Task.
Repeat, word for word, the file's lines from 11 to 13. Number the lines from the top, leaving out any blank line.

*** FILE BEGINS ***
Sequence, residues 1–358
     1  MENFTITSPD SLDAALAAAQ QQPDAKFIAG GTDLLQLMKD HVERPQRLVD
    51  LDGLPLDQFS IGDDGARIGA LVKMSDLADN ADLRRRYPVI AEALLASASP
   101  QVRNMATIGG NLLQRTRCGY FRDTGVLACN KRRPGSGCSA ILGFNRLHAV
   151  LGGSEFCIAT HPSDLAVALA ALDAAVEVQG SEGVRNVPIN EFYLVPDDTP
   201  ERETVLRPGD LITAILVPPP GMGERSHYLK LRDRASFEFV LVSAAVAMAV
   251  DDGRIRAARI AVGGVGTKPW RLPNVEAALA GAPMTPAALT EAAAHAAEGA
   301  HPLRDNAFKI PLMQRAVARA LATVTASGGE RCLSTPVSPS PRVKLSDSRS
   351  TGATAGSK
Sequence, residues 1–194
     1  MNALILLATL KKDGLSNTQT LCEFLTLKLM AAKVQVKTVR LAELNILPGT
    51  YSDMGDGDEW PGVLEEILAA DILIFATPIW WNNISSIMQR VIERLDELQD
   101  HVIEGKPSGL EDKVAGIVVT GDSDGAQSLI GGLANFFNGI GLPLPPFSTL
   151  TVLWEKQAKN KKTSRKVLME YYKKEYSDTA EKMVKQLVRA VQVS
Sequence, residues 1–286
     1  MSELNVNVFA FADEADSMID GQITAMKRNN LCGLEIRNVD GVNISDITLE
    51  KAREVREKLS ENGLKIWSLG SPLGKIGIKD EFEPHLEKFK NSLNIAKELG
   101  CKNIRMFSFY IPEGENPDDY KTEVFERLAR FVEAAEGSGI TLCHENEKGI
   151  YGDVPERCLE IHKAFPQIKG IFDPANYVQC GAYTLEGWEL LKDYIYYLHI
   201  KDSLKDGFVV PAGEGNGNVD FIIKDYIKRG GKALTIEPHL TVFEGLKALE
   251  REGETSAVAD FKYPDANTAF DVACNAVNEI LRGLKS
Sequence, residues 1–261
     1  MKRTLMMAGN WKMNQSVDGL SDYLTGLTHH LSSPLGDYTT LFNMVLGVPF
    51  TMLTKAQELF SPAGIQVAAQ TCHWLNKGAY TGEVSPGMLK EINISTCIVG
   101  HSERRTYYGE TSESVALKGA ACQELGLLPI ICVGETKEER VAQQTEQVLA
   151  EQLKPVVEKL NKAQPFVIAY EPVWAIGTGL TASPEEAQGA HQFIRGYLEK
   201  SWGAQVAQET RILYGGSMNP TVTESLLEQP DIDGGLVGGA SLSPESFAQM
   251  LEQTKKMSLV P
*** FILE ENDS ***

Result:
     1  MNALILLATL KKDGLSNTQT LCEFLTLKLM AAKVQVKTVR LAELNILPGT
    51  YSDMGDGDEW PGVLEEILAA DILIFATPIW WNNISSIMQR VIERLDELQD
   101  HVIEGKPSGL EDKVAGIVVT GDSDGAQSLI GGLANFFNGI GLPLPPFSTL